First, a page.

Cohn was once middleweight boxing champion of Princeton. Do not
think I am very much impressed by that as a boxing title, but it
meant a lot to Cohn. He cared nothing for boxing, in fact he disliked
it, but he learned it painfully and thoroughly to counteract the
feeling of inferiority and shyness he had felt on being treated
as a Jew at Princeton.
These lines open the novel, as Jake
begins a brief biographical sketch of Robert Cohn. This passage
presents many of the themes and motifs that the novel goes on to
develop, such as competitiveness and resentment between men and
insecurity. For example, Cohn suffers from feelings of “inferiority”
because he is Jewish, and, as soon becomes clear, nearly every male
character in the novel finds something about which to feel inferior.
It is significant that none of the themes in this brief passage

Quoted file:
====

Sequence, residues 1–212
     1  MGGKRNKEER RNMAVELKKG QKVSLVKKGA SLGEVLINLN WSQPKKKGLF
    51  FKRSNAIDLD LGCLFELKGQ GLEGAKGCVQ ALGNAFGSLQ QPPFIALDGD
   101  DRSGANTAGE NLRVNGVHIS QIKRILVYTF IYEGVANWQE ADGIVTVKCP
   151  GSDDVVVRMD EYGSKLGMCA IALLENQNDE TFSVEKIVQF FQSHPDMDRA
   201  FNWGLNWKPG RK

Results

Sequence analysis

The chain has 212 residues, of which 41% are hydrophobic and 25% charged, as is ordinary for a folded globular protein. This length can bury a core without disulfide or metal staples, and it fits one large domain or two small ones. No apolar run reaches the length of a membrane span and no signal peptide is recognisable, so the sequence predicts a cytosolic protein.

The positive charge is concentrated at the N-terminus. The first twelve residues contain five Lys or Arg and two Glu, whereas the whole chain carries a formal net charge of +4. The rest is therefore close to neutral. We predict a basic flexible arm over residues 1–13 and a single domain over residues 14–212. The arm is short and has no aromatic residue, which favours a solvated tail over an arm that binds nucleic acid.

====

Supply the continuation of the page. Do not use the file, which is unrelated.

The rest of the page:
is presented directly; rather, they are all invoked implicitly,
demonstrating Hemingway’s style of stating relatively little but
implying a great deal.
These sentences also have a noticeable tone of condescension.
As the novel progresses, this condescension develops into outright
hostility and antagonism toward Cohn. Over the course of the novel, we
come to realize that Jake’s hostile and skeptical attitude toward Cohn
is bound up with jealousies and insecurities of his own.
Finally, we learn from this passage that Cohn has an intense
need to be accepted. Although he dislikes boxing, he perfects it
in order to better his social position at Princeton. This need for
acceptance proves harmful to Cohn in his relationships with Jake
and Brett, who cannot stomach his insecurities.